• Apollo Creed steps into Mickeys shoes beautifully for the rest of Rocky III however. Carl Weathers and Stallone share a great chemistry and produce another memorable montage. The least said about Paulie describing the African American boxers in Creed’s gym as ‘coloureds’ the better though. You know that Paulie would definitely be voting Trump if he was still around…
  • Rocky IVis a strange one. It was my favourite when I was a kid but it is so bizarre to watch again now. It opens with an actual robot bringing Paulie a birthday cake while the most 80s film score ever plays in the background and it only becomes odder from there. Creeds fight and eventual death at the hands of Ivan Drago is the first real misstep in the series. While it does pack an emotional wallop, it comes after Creed has been cavorting around with James Brown and just generally being a jackass. The death of Mickey was handled so well in Rocky III that Creed’s death left me feeling a little short changed. It is also a little off that he isn’t mentioned at the end when Rocky is thanking everyone for helping him end the cold war. Which brings us to…
  • The ending. Jeeeesus. In Rocky Iand II, Stallone made his character come to life from sheer power of will. It is hard to separate Stallone’s story with Balboa’s in the first film. Both underdogs who were given a shot and became champs. By the end of Rocky IV however, the character has just become daft. The whole infamous ‘we can all change’ speech is legendary for how ludicrous it is and it sounds even more weird 30 years on. This was the beginning of the end for the franchise with Rocky V being the final nail in the coffin. Rocky IV also has no Mickey, not much Creed and not as much Adrian or Paulie and large sections that are basically music videos with no dialogue. It is a shame that Stallone crafted such a wonderful cast of characters only to marginalize them in Rocky IV.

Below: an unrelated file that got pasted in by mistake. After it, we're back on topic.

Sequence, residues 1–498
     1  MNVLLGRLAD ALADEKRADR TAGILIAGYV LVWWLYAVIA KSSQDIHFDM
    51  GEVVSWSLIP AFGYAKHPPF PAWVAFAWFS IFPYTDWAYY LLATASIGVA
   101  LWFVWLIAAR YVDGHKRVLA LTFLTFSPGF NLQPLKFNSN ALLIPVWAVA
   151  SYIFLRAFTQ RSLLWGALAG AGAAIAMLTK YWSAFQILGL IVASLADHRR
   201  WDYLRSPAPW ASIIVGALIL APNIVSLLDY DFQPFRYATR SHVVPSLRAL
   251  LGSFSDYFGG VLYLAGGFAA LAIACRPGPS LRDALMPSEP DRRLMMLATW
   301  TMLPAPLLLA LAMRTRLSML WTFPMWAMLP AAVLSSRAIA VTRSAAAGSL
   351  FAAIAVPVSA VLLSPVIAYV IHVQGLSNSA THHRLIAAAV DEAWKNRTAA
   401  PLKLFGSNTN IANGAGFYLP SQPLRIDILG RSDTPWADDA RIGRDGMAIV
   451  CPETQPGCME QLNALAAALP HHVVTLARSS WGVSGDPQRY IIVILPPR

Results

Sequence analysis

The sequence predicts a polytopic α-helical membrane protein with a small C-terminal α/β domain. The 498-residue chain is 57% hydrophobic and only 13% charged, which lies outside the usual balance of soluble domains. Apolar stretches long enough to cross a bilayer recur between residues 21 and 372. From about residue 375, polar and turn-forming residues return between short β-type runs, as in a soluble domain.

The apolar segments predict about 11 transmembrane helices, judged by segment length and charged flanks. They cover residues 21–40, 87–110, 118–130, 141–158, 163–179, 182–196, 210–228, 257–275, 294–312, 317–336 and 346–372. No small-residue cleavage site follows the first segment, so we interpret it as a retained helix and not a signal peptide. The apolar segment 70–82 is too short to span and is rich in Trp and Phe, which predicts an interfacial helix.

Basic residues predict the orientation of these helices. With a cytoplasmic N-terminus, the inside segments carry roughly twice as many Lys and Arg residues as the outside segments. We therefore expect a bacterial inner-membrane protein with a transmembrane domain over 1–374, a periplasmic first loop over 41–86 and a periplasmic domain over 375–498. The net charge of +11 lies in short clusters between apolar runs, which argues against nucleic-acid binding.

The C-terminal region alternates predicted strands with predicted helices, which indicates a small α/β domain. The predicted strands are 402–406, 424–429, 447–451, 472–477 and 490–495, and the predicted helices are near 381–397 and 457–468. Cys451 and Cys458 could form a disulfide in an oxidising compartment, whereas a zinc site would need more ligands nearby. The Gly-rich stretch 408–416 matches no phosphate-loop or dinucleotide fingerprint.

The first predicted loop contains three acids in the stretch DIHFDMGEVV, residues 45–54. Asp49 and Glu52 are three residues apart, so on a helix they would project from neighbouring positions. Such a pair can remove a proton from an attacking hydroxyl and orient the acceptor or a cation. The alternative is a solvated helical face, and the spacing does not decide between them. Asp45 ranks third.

• You don’t really think of Rocky as a romantic story but it is. Adrian and Rocky’s love is as pure as any seen on film without a hint of infidelity or mistrust. Talia Shire is understated but brilliant throughout the franchise. She doesn’t have loads to do but in her big scenes she is as inspirational as anybody. Just as with Burgess Meredith and Mickey, Rocky wouldn’t be Rocky without Talia Shire and Adrian.

The last film marathon I did was with my wife and my friend Sned. We watched all the Lord of the Rings films on a glorious summers day in 2016. If anyone reading this has ever talked about doing something similar with their friends then I urge you to do so. Sned tragically passed away earlier this year and while I wish he could have been with us for the Rocky marathon (which I know he would have loved), I’m really glad I was able to share the LOTR day with him. Sleep well Sned. Love you.